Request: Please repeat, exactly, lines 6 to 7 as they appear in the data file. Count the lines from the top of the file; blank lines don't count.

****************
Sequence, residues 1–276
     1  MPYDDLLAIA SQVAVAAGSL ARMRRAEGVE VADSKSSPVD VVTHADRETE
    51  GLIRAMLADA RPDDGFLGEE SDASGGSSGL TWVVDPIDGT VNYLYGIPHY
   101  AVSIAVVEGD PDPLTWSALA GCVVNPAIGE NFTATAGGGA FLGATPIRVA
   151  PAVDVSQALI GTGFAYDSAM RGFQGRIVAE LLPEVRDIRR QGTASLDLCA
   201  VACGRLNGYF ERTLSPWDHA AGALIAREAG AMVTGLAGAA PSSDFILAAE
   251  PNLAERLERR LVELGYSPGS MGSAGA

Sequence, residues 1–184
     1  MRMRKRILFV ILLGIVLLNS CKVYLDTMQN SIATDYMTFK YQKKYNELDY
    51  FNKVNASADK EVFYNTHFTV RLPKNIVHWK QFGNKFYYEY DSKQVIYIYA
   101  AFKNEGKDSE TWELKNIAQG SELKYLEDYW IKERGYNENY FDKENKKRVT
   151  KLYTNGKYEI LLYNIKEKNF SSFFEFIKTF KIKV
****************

   201  VACGRLNGYF ERTLSPWDHA AGALIAREAG AMVTGLAGAA PSSDFILAAE
   251  PNLAERLERR LVELGYSPGS MGSAGA